Guinigi Tower in Lucca, Tuscany, Italy. Credits to: Sergey Dzyuba/Shutterstock

What better way to admire a small town than from above?
Guinigi Tower rises in the center of the walled old town; it was commissioned by the Guinigis, a rich and powerful family of merchants from Lucca in the 15th century. The tower is 45 metres high and has a small garden on the top, where beautiful holm oaks have been growing during the centuries: this peculiarity makes it unique.

Giacomo Puccini’s House

Lucca is also known as the birthplace of the great artist Giacomo Puccini. The house where he was born and has lived in his mature years is located in the heart of the historic centre, exactly in the delightful square Corte San Lorenzo, where the statue of the compositor stands.
The house is now a small museum, filled with personal mementoes of his life and work, posters advertising his operas, musical scores and letters.

Festival and events

Besides the variety of attractions and monuments, Lucca offers a rich calendar of annual events. Let’s talk about the three major and well-known festivals!

  1. Lucca Comics and Games
    The Lucca Comics and Game takes place within the walled city, during the last weekend in October. It is one of the most important events in Europe dedicated to the world of comics, cartoons, games and video games. The event consists of an exhibition area with hundreds of stands and an area dedicated to role-playing games, staging of medieval games with people dressed in historical costumes and armour, and live performances. The setting deserves special praise: most of these performances take place above the town walls and in the underground rooms that were once the city prisons. But the most striking aspect is the cosplayers: hundreds of people dressed as cartoon or comic characters, wearing make-up and accessories in a way that is faithful to the original.
  2. Lucca Summer Festival
    The Lucca Summer Festival usually takes place during the month of July. It is a series of musical events of the highest level, with internationally renowned musicians and singers creating unforgettable evenings each year. These are often unique dates in Italy – if not in Europe – and therefore unmissable opportunities. The concerts are mostly held on Piazza Napoleone, but sometimes the artists perform on Piazza Anfiteatro too.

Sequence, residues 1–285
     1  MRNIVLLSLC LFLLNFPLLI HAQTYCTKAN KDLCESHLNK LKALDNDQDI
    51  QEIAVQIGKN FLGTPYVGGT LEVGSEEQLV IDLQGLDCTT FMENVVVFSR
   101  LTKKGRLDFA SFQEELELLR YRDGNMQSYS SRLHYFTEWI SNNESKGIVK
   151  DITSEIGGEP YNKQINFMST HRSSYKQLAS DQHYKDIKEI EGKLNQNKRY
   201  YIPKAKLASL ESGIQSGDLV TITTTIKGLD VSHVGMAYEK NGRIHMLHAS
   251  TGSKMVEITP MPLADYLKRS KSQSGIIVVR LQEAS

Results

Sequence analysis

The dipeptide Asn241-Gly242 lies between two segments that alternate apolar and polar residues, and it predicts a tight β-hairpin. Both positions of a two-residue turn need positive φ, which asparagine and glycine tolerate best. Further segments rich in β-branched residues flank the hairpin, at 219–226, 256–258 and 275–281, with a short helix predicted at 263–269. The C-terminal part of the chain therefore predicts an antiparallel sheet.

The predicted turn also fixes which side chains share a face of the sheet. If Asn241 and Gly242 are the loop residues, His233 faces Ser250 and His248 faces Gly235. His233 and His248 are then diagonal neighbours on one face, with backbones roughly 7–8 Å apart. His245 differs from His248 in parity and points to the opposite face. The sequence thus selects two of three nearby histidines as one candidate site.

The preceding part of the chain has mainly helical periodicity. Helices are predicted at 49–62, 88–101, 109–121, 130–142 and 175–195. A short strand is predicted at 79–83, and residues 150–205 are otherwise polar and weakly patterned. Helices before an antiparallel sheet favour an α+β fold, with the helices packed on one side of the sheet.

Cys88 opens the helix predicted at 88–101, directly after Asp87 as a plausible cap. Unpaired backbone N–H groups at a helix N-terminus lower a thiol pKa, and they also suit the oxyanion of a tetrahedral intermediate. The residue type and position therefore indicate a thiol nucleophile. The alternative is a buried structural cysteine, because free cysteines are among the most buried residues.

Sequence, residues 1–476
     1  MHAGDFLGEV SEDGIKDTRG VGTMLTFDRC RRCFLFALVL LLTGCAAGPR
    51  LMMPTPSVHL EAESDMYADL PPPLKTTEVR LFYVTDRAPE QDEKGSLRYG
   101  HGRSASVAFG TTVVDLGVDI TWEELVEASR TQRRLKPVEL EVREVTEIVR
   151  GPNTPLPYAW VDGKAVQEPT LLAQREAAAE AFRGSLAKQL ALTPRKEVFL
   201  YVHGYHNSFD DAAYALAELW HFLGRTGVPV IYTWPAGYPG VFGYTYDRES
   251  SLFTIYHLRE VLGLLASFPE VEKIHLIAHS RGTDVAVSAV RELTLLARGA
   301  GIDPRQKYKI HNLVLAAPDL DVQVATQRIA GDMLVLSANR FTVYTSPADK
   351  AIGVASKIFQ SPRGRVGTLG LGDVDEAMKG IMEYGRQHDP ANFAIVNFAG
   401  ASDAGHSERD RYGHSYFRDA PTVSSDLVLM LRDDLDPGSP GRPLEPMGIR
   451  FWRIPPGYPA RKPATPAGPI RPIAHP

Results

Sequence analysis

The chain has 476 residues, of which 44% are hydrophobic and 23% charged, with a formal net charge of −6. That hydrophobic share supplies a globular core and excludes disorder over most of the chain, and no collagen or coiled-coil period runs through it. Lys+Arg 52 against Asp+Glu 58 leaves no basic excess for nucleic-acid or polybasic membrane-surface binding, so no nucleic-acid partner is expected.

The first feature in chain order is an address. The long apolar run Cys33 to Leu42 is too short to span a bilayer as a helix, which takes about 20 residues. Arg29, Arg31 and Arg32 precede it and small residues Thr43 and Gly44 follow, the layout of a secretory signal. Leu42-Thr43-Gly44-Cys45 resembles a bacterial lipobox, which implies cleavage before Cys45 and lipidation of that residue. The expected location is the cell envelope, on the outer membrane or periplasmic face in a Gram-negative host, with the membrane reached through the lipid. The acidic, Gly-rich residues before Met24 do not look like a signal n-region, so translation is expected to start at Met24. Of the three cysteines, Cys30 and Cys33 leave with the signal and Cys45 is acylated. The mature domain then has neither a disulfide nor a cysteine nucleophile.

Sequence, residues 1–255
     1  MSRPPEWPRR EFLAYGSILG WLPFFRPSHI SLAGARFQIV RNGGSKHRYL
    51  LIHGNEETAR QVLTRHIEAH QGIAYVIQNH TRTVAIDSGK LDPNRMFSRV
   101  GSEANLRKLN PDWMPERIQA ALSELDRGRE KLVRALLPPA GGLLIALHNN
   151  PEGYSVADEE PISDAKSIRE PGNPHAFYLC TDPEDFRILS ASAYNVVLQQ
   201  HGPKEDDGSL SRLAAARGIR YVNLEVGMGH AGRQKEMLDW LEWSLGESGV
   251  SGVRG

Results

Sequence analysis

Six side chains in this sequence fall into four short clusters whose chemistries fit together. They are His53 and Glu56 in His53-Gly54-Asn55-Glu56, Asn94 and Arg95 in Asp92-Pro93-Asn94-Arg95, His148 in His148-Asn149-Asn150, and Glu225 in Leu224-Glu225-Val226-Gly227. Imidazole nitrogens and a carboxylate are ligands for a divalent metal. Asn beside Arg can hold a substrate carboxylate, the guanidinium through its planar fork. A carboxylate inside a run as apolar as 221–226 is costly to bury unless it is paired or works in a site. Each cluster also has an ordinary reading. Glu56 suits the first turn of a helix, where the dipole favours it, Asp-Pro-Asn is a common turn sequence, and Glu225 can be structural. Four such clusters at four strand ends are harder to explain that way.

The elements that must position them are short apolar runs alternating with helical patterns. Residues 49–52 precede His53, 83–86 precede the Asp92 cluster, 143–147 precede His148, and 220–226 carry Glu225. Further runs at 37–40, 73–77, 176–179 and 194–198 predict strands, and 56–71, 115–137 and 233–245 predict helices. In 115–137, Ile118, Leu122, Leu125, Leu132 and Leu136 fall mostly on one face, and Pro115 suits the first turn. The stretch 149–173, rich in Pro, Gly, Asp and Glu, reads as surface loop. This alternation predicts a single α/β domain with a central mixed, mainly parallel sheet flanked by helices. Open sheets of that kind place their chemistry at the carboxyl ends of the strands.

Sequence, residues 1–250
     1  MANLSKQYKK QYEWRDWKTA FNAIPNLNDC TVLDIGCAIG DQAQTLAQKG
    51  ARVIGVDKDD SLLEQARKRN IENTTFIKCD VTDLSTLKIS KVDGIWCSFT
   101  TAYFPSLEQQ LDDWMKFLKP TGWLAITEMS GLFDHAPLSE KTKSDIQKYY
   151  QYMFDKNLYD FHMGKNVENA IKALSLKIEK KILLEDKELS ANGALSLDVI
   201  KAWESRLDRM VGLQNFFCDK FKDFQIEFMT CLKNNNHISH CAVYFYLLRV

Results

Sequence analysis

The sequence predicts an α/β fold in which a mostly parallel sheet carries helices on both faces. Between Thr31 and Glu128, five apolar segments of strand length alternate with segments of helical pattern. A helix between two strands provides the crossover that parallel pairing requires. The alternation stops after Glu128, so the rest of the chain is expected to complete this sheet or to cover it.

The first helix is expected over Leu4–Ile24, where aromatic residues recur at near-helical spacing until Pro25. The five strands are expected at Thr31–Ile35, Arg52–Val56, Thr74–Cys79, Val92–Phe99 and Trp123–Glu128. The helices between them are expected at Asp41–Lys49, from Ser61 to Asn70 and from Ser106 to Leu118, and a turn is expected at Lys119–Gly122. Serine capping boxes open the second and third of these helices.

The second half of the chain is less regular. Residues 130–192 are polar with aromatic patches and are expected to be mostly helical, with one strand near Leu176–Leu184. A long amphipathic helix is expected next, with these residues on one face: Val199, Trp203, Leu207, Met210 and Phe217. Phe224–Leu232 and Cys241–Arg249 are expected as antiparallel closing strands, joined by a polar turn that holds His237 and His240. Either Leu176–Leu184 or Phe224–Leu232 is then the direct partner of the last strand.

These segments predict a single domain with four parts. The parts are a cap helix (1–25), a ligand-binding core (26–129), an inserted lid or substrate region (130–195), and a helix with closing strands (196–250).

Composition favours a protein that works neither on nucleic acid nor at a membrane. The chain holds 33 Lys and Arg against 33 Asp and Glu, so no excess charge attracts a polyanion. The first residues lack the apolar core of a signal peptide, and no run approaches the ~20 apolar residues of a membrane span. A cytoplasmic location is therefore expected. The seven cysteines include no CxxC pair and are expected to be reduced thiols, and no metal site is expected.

3. The March of Villas
    The March of Villas (in italian Marcia delle Ville) is an unusual race that has taken place for 44 years in the countryside just outside Lucca, in the small hamlet of Marlia. It is a route through some of the most beautiful villas in the area, which have made the town famous throughout the world. The march includes various routes: from 3 km to 28 km in a landscape and architectural setting of rare beauty.

Local cuisine

You can not say you have known a city if you haven’t tasted its typical dishes.
Lucca’s gastronomy is quite varied: traditional dishes are placed side by side with contemporary reinterpretations and renewed flavours.
A classic of Lucca’s cuisine are soups and tordelli (a type of filled pasta). As regards the dessert we find the torta con gli erbi, of peasant origin: a short pastry filled with bread, herbs, cheese, sultanas and pine nuts. Last but not least, the buccellato: the classic aniseed-flavoured ring-shaped cake.

What to see nearby

  • Montecarlo (27 minutes by car)
    Montecarlo is a little village, nestled in the hills of Lucca. With around 4000 inhabitants, it is a municipality rich in history, churches, monuments and still boasts a solid medieval fortress with walls. There are also numerous initiatives to promote the territory, such as the Wine Festival. In fact, the village is well known for its wine production.
  • Castiglione di Garfagnana (about 1 hour by car)
    Castiglione di Garfagnana is a fortified village dating back to Roman times, situated on the slopes of the Apennines. It is included in the Italian Touring Club’s association of the “Most Beautiful Villages in Italy” because it has preserved much of its past: such as the imposing turreted walls and the fortress.
  • Carrara (49 minutes by car)
    Carrara is a small jewel located in the Lunigiana area, surrounded by the Apuan Alps. The town is known all over the world for its marble production. In fact, everything here is linked to its presence, the white gold of this land: the history, the traditions, the life of the inhabitants and even the gastronomic specialities.

All rights reserved © Copyright Altrama Italia